Increasing natural light in the home
There’s no denying that bright open spaces make us feel positive and proactive. Natural light in the home is welcoming and feels fresher. It is also scientifically proven to increase serotonin, which gives us a sense of calm and enhances our wellbeing. During the winter months, any help to stave off Seasonal Affective Disorder (SAD) and keep spirits high is always welcome in my eyes!
Now that the shorter January days are well and truly upon us, our homes are lacking that energy boost. Vibrant colours that you may have picked for your interiors may not look so eye catching. Even selling your home in January may be harder, as a dingy house isn’t exactly the most enticing prospect for a potential buyer.
If you’re looking to increase the amount of natural light in your own home, you’re in the right place. Major construction and popping in a skylight isn’t the top of everyones list in a cost of living crisis. But with some strategic interior design, it’s entirely doable! Read our top tips below to help get you started:
1. Mirrors, mirrors, mirrors!
Perhaps the most obvious of all solutions is a mirror. A mirror will reflect natural light around a room and therefore will reduce the need for as much artificial lighting. You’ll get the best results when placed opposite a window and it goes without saying, the bigger, the better! This will also give the illusion that the room is larger than it actually is, increasing the sense of space. If you have a smaller room, choose one with a thinner frame so that it doesn’t overwhelm the interior.
Whilst a small mirror won’t reflect as much natural light in the home, a small gallery or collection of mirrors will do. This is also a fantastic way to create visual interest at the same time. Mirrors don’t just have to be wall hung either. They can be used decoratively, for example behind ornaments on shelves. Mirrored coasters can dress a coffee table, even a mirrored tray can help to reflect light and brighten the darkest of spaces.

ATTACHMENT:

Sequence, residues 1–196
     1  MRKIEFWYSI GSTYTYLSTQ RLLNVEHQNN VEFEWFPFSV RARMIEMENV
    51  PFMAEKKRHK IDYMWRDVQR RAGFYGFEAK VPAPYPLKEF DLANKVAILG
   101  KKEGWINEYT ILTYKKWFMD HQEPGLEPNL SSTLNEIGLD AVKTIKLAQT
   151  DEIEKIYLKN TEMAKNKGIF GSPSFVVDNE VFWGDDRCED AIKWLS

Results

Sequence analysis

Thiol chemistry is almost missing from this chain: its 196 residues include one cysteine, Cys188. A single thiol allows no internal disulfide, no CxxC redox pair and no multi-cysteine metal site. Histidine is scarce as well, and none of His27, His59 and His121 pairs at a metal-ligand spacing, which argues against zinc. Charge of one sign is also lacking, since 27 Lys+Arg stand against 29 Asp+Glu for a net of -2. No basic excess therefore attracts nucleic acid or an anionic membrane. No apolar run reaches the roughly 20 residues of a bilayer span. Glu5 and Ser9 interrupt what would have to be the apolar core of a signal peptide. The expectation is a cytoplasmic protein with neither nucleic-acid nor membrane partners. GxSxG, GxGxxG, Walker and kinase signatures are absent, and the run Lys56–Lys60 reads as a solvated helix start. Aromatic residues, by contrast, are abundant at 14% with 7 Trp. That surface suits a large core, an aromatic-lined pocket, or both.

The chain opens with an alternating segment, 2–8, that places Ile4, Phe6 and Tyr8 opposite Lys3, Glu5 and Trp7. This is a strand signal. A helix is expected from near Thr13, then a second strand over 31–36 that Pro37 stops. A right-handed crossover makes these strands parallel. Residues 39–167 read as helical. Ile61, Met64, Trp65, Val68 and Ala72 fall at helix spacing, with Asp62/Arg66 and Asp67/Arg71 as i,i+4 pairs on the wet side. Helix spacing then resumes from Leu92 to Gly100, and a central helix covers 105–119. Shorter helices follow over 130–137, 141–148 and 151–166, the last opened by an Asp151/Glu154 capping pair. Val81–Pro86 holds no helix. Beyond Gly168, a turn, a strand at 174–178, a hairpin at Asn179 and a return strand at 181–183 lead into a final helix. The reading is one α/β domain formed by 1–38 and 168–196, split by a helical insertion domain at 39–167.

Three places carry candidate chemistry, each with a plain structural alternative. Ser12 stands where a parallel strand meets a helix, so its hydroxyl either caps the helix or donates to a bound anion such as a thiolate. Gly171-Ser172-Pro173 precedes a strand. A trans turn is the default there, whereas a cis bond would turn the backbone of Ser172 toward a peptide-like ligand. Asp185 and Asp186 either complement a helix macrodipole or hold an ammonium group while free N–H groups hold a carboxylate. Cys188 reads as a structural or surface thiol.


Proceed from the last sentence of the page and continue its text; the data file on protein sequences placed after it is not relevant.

2. Lighter paints
If a room is generally quite dark, it’s tempting to embrace that fact and paint the walls dark to enhance what the space offers. It can certainly make a room feel cosy rather than dim and dingy. However darker colours absorb light and can make a space feel smaller. In contrast, lighter coloured paints will help to reflect light in the home. Off whites, light neutrals and pastels all give the illusion of making a room feel bigger and brighter than it actually is. It's best to stick to whites with warmer undertones. Cooler and brilliant whites will really exaggerate shadows in spaces with limited natural light.
3. Window Dressings
A heavy, lined curtain offers warmth and comfort but will certainly increase the sense of heaviness at the main source of natural light. Depending on the style of your property, you could try opting for sheer, light window dressings that let light through instead. Venetian blinds will offer you privacy but still allow natural light in the home. Fabrics such as linen, silk, cotton and voile are the most common types of sheer fabrics used for curtains so there are plenty of options out there to suite the interior decor of your home style.
4. Reflective surfaces
Glass tables, polished concrete floors, glossy tiles… essentially anything with a sheen is going to help reflect natural light in the home. Even down to ornaments, a glass vase will help too. Any excuse to have fresh flowers in the house!
5. Lighter floors
Lighter wooden floors are going to allow more natural light in the home be reflected about. If you’re about to start your own home refurbishment, it’s worth keeping this in mind when choosing your flooring. If you have darker wooden floors in your home already, consider a light coloured rug to help lift the mood. If you’re worried about a lighter rug getting mucky, consider jute or rattan which are not only hard wearing but still lighter in shade and are easier to “look clean”.
The more items you have, the more cluttered your home will feel. By reducing the amount (or having a good ol’ tidy up) the room will have an abundance of natural light more able to fill the room. Begin by clearing those window ledges of pictures frames, trinkets and plants. Your main source of natural light should be clear from clutter to enable the most amount of natural light to come in.
Did you know that Daylight Light Bulbs actually exist? Enough said.
Metallic Wallpaper Tessella BP 3610 by Farrow & Ball
A lighter coloured wallpaper will certainly help to reflect natural light around a room. Not everyones cup of tea but a design with an additional metallic feature or sheen, even more so. These will suit both a contemporary or traditional scheme so win win.
Rattan Dining Chairs by Sklum
9. Furniture style
Slimmer style furniture pieces with neat lines are going to allow natural light in the home bounce around lot more than items that are solid and bulky. “See-through furniture” is going to allow natural light to pass through. Think glass coffee tables, rattan dining chairs… you get the idea.
Hopefully even just one of these solutions will help fill your home with natural light. Let’s welcome those longer days sooner rather than later as we head into Spring.
I think the main thing to to remember is lighter coloured walls and furniture are going to let natural light in the home reflect much more easily. No matter how many lamps you have, there’s nothing that will reflect light more than lighter walls and furniture.
Thanks for reading!
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